Moving forward

It might not be the most popular thing right now, but let’s not forget that Western Europe has been free from conflict for the past 73 years, mainly because of the European Union

Jean Monnet (left), Robert Schuman (middle) and his aide Jacques de Bourbon-Busset (right), at the inter-governmental negotiations on the Schuman Plan that gave rise to the European Coal and Steel Community
Jean Monnet (left), Robert Schuman (middle) and his aide Jacques de Bourbon-Busset (right), at the inter-governmental negotiations on the Schuman Plan that gave rise to the European Coal and Steel Community

Have you ever considered what grew out of the horrors of the Second World War? There are many things we take for granted today, from the emancipation of women to the peaceful co-existence of countries that have their roots in that conflict.

We know how our country suffered. Malta was a strategic place that helped the Allies supply the North African effort against the Italians and the Germans. The war was cruel and unforgiving. Millions of young people lost their lives. The numbers are incredible. We often forget that the biggest country to suffer human loss was the Soviet Union, or Russia, with a horrific 20 million lives lost.

But the war also allowed the world to start afresh. New technology and scientific innovation, important elements of the war, were quickly utilised for benefits that we’re familiar with today, such as the computer and penicillin.

This week we celebrate International Women’s Day, and in a way it all started with the Second World War. Before the war, women were treated as second class citizens. They ‘had to know their place’. There were many influential and remarkable women before the war, but most often than not women found society slamming the door in their face.

The war changed that. All of a sudden no pair of hands could be left unutilised, and with men on the front, women took the lead and showed their mettle. On both sides of the divide, women took leading roles in engineering, medicine, construction and factory work. Their brilliance shone through in the different fields of work.

Today we’re miles ahead of the war days, but still far from having an equal society. Unfortunately, we live in a world where women still have to fight that little bit harder and work that little bit more to achieve parity. But it all started with the war.

In parallel, the war also brought another major development. Countries refused to align back to the old Empire models. Britain could hardly afford it anyway. Countries from south-east Asia to Africa wanted independence and self-determination. Among the long list of countries, suddenly on their own for the first time, was Malta. Imagine being conquered for centuries and all of a sudden the people have their own president and their own government. A vote for every individual – something even Empire-led countries were only starting to introduce.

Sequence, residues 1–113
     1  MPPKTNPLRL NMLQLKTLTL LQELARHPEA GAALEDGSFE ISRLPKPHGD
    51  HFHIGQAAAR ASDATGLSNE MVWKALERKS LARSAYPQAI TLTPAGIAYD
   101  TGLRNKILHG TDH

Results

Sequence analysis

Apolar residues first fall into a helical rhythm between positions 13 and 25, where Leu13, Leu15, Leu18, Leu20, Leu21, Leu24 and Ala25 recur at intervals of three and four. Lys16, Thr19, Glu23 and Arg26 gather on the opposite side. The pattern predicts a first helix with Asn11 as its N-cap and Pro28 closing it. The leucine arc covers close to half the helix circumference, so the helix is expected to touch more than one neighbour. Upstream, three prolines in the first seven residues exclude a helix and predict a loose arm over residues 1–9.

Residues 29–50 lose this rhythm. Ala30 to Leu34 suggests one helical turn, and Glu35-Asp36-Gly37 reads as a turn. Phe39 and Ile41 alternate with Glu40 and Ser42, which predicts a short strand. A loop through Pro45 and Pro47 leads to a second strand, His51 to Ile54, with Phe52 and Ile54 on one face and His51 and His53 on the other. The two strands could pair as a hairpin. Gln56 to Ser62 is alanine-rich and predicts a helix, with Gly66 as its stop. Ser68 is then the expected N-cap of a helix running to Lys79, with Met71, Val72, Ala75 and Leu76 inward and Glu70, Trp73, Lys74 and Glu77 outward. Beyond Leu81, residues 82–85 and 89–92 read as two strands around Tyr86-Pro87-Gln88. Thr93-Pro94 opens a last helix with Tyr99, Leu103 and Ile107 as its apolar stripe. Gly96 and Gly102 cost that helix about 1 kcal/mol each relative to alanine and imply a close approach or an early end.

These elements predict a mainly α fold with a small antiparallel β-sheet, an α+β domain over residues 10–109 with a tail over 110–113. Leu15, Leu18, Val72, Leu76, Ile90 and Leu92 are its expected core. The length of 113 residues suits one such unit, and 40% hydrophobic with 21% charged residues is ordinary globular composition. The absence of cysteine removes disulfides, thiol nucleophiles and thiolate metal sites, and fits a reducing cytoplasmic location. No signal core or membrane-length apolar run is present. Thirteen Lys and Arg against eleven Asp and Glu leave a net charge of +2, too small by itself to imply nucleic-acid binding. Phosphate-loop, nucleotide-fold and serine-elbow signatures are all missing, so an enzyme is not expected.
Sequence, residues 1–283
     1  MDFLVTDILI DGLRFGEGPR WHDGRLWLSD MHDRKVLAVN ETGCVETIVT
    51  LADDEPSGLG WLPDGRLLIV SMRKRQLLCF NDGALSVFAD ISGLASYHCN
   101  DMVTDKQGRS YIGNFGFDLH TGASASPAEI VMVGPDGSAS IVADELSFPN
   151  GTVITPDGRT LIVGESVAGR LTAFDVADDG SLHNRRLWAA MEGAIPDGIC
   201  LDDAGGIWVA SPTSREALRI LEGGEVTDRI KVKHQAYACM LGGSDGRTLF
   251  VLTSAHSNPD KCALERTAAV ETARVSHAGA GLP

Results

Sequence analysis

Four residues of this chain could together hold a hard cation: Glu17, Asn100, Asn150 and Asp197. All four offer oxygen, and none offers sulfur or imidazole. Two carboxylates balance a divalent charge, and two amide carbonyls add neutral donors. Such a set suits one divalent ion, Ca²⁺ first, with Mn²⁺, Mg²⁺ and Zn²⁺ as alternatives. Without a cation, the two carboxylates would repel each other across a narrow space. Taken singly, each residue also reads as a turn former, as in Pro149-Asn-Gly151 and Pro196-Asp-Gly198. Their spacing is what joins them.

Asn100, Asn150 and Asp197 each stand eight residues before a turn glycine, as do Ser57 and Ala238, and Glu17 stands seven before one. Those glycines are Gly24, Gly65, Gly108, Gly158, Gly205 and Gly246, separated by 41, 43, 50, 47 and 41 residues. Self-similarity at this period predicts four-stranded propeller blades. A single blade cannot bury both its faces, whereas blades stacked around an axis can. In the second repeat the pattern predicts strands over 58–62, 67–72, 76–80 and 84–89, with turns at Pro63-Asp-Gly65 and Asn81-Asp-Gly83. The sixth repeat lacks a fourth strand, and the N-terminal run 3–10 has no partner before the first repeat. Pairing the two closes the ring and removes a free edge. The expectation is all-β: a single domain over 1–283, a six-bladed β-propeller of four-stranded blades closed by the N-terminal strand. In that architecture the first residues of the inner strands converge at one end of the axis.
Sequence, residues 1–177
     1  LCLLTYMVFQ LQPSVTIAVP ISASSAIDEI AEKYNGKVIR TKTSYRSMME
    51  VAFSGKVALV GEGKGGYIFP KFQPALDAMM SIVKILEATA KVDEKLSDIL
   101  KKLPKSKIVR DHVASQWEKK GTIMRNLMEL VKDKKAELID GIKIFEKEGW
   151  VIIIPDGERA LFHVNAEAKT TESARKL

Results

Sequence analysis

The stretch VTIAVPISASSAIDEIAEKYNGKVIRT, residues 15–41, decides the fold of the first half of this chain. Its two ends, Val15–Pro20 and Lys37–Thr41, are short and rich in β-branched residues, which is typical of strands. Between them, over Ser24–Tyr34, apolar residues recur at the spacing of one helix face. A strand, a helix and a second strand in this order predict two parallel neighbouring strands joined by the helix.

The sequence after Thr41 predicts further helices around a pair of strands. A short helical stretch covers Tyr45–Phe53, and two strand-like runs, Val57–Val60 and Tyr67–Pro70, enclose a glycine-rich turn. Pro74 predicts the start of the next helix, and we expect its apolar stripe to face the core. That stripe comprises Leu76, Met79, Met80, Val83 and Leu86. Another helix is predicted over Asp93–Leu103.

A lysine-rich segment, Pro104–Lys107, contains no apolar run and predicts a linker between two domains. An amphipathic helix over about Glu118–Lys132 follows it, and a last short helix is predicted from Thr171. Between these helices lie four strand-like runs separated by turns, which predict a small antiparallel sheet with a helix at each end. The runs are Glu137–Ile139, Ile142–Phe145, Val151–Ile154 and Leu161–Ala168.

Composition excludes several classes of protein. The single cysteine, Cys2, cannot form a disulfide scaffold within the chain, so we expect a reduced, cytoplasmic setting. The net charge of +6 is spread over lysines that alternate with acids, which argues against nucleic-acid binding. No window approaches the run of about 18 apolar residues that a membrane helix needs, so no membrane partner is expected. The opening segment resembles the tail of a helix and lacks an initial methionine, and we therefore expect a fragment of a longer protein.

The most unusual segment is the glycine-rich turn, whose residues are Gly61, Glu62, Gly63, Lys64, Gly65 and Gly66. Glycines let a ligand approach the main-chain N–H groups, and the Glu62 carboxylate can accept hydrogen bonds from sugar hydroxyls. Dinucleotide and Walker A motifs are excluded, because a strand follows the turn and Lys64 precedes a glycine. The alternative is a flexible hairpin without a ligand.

At the moment, the rhetoric in Europe is very dangerous but we must work harder as politicians to reach out to the disillusioned and fight populism with a pragmatic approach, not an ideological one

Our path was not easy. Did we struggle? Did we make mistakes along the way? Of course we did. But we’ve also built a society that provides for its people. We have free healthcare and free education – an envy of countries much larger and wealthier than ours.

I think we should all be proud of being Maltese. If you look at all the islands in the Mediterranean you can’t name one that has a better standard of living. I am not one who subscribes to blind patriotism. I think we’re human before everything else. But our journey is truly remarkable and we should all feel proud. Over the past few years, politics has taken a sour turn but I hope we can go back to talking about the things that make this country great and fix what needs fixing. When politicians squabble over menial and childish remarks they are deviating from
their real work – to build a better country.

I think we should also be proud to be Europeans. It might not be the most popular thing right now, but let’s not forget that Western Europe has been free from conflict for the past 73 years, mainly because of the European Union. At the moment, the rhetoric in Europe is very dangerous but we must work harder as politicians to reach out to the disillusioned and fight populism with a pragmatic approach, not an ideological one. People will vote for those who listen to them and do not discard them. They will support politicians who promise to work for them and not forget them.   

From the darkness of 73 years ago, we’ve built a better world in so many different ways. These achievements are not there to stay unless we all continue to make the effort. Our job is to stay on this road.

 

Evarist Bartolo is minister for employment and education

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